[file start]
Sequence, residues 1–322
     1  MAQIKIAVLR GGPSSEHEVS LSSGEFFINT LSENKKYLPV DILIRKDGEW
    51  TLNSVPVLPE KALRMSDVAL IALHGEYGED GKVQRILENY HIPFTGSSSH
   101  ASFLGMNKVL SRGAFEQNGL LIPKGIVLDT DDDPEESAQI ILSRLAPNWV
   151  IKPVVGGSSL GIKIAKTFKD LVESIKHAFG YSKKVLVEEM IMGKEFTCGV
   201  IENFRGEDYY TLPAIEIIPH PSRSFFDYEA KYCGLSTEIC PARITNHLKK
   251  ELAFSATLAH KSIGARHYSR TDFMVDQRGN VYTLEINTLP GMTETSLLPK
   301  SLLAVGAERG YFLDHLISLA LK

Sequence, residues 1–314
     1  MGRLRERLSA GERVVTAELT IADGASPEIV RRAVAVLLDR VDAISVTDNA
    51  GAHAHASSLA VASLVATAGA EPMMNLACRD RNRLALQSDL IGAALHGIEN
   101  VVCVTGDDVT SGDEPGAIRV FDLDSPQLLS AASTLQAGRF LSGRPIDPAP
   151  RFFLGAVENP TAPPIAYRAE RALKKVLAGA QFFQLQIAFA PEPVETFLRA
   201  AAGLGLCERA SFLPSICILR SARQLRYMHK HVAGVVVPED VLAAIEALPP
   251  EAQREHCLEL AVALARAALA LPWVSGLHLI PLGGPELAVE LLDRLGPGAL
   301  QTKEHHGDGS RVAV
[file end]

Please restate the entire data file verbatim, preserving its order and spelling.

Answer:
Sequence, residues 1–322
     1  MAQIKIAVLR GGPSSEHEVS LSSGEFFINT LSENKKYLPV DILIRKDGEW
    51  TLNSVPVLPE KALRMSDVAL IALHGEYGED GKVQRILENY HIPFTGSSSH
   101  ASFLGMNKVL SRGAFEQNGL LIPKGIVLDT DDDPEESAQI ILSRLAPNWV
   151  IKPVVGGSSL GIKIAKTFKD LVESIKHAFG YSKKVLVEEM IMGKEFTCGV
   201  IENFRGEDYY TLPAIEIIPH PSRSFFDYEA KYCGLSTEIC PARITNHLKK
   251  ELAFSATLAH KSIGARHYSR TDFMVDQRGN VYTLEINTLP GMTETSLLPK
   301  SLLAVGAERG YFLDHLISLA LK

Sequence, residues 1–314
     1  MGRLRERLSA GERVVTAELT IADGASPEIV RRAVAVLLDR VDAISVTDNA
    51  GAHAHASSLA VASLVATAGA EPMMNLACRD RNRLALQSDL IGAALHGIEN
   101  VVCVTGDDVT SGDEPGAIRV FDLDSPQLLS AASTLQAGRF LSGRPIDPAP
   151  RFFLGAVENP TAPPIAYRAE RALKKVLAGA QFFQLQIAFA PEPVETFLRA
   201  AAGLGLCERA SFLPSICILR SARQLRYMHK HVAGVVVPED VLAAIEALPP
   251  EAQREHCLEL AVALARAALA LPWVSGLHLI PLGGPELAVE LLDRLGPGAL
   301  QTKEHHGDGS RVAV